Till now, we have seen multiple features from Azure Bicep. In this article, we can understand what are modules and how they can be used while authoring the bicep files.
What are modules ?
Basically every bicep file is a module. A bicep file is basically transpiled into a JSON template. And every ARM template (i.e. JSON template) is a module. Both these types of files can be imported as modules in a bicep file.
Why to use modules ?
Modules help to keep the code maintainable. It also helps in increasing the reusability of the code. We can break creating the resources into multiple bicep files. Then, every application has needs for different resources, some resources may need to be created one for each application, some resources may be specific to applications and some resources may be shared resources.
Based on infrastructure / environment / application needs, the bicep files can be composed from the existing modules. This will also help to reduce the duplication of the code, by keeping the code at one place.
To share modules with other people in your organization, create a template spec, public registry, or private registry. Template specs and modules in the registry are only available to users with the correct permissions.
Multiple levels of nesting of modules should be kept to minimal (or I would say, it shoudl be avoided). It generally would make debugging very difficult if something goes wrong. It may be good idea to deploy multiple templets, instead of deploying a single template with nested modules.
What is the syntax to trigger a module ?
The code snippet given below shows how a module can be triggered. We need to use module keyword, we need to specify the module path (either local or remote) and we also need to specify the parameters.
The code snippet given below shows the syntax for including a module. The included module can either be deployed to the same target scope or it can be deployed to another scope. Also, we can specify the conditional logic using the if keyword, as shown in the code snippet given below.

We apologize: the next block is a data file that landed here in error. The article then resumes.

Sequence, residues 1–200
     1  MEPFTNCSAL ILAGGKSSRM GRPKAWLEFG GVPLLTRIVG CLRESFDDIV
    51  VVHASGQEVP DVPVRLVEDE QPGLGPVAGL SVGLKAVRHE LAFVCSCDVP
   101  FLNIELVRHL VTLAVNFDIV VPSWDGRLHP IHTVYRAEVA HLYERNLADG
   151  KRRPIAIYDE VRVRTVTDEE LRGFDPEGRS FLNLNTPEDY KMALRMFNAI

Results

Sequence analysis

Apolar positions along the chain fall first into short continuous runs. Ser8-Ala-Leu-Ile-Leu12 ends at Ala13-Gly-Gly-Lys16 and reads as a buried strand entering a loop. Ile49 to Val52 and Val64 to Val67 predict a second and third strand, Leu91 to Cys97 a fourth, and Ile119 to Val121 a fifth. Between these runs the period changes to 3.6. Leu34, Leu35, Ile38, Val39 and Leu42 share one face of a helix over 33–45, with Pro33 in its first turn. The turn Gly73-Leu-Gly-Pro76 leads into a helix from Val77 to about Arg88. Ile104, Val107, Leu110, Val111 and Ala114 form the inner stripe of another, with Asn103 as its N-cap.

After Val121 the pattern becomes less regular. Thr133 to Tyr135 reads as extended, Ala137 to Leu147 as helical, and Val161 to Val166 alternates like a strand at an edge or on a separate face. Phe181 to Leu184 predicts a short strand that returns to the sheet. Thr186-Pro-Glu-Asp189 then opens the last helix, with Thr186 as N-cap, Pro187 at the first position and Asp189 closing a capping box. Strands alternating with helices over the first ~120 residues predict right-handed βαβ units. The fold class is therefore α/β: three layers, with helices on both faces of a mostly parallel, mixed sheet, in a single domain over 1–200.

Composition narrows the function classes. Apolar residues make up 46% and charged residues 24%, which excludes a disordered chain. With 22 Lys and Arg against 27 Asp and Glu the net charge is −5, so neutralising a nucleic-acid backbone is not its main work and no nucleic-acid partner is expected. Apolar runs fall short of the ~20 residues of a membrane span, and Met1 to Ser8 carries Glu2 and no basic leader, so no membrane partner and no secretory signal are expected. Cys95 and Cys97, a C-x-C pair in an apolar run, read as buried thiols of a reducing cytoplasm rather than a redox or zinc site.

We already have created a file, first.bicep. As per definition of module, this bicep file is also a module. For ready reference, the bicep file is shown in the code snippet given below.
Now, let’s add another bicep file (module-demo.bicep) in the same directory. This bicep file would reference the above mentioned file. In this file, we are going to provide only two parameter values – the environment name and storage account name.
Then we can can right click on the new bicep file and select option to deploy it. I am assuming the file is opened in Visual Studio Code and you have Bicep extension installed.
Once deploy option is selected we can go through the wizard to specify subscription, resource group and do not select any parameters file as it is not needed now. The deployment should be successful and if you browse storage accounts in the portal, you should be able to view the newly created storage account.
I hope this article provides sufficient information about bicep modules to get you started. Let me know your thoughts.